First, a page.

MIAMI (Reuters) - Embattled New York Yankees slugger Alex Rodriguez is expected to face a media frenzy next week when he is due to arrive at the team’s spring training camp in Tampa, Florida.
According to Yankees manager Joe Girardi, the three-times American League MVP is scheduled to report with the rest of the club’s position players on Tuesday.
Should Rodriguez do so, he is likely to address the media en masse for the first time since his admission of doping last week.
In an interview with ESPN on Monday, the 33-year-old said he had used performance-enhancing drugs from 2001-2003 when he played for the Texas Rangers.
His comments came in response to a report in Sports Illustrated that he had been one of 104 players who had tested positive in a confidential doping survey in 2003.
Rodriguez, who appeared publicly at a University of Miami event on Friday, can expect the support of team mates such as closer Mariano Rivera and veteran pitcher Andy Pettitte if he does speak to the media at the Yankees training camp.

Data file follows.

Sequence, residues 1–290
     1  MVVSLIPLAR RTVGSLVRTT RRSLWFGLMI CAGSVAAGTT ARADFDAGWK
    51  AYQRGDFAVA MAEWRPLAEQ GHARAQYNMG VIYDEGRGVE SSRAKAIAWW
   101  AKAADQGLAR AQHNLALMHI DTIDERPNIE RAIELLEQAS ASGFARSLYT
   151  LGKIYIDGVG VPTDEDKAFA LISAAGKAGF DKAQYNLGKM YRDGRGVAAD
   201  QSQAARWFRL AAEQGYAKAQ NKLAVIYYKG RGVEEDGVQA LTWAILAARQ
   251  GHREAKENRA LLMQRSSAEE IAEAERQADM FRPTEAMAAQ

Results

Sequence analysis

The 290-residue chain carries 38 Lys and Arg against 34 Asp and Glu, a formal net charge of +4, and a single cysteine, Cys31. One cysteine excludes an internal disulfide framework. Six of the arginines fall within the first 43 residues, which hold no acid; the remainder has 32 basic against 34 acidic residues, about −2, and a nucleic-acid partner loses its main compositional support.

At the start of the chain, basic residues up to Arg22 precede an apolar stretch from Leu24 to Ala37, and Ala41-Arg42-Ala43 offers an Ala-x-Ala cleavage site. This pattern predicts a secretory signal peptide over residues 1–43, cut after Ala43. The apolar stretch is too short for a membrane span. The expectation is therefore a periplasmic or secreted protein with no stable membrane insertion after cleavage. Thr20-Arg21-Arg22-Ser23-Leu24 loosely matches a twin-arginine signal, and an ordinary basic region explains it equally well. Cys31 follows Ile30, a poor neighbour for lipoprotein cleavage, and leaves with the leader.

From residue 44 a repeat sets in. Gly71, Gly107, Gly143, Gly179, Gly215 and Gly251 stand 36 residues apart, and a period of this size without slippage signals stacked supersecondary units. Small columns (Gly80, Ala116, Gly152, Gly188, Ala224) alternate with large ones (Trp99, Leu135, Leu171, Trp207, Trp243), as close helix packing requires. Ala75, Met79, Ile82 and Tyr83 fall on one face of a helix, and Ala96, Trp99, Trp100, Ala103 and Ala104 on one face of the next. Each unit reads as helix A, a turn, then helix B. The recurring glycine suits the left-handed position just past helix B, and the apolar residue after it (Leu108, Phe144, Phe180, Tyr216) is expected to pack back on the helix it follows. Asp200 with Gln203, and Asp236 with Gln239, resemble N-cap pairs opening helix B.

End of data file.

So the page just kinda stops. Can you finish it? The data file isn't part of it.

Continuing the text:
“It was something that, to me, it’s the past,” Rivera told reporters on Saturday. “It’s not right, but it’s the past. You can do nothing about it. You can do nothing about what you did yesterday or 10 minutes ago.
“You can learn from it and move on. We all make mistakes. The one thing that we have good is we support each other. I will support him and also the rest of the team mates, I hope.”
Veteran left-hander Pettitte promised his support for Rodriguez after arriving at the camp on Friday.
“I’m just going to try to help him as a team mate any way that I possibly can, to help him get through it,” said Pettitte, who has admitted he twice used human growth hormone in 2002 to try to accelerate recovery of an elbow injury.
“It’s a tough time for him right now going through it, I’m sure. But we’ll be here. The team’s going to be here. We’re going to support him. We’re like family in here.”
Pettitte was among more than 80 current and former baseball players named in the 2007 Mitchell Report as suspected users of performance-enhancing drugs.
The report was conducted by former Senate Democratic leader George Mitchell.
Writing by Mark Lamport-Stokes in Los Angeles; Editing by Miles Evans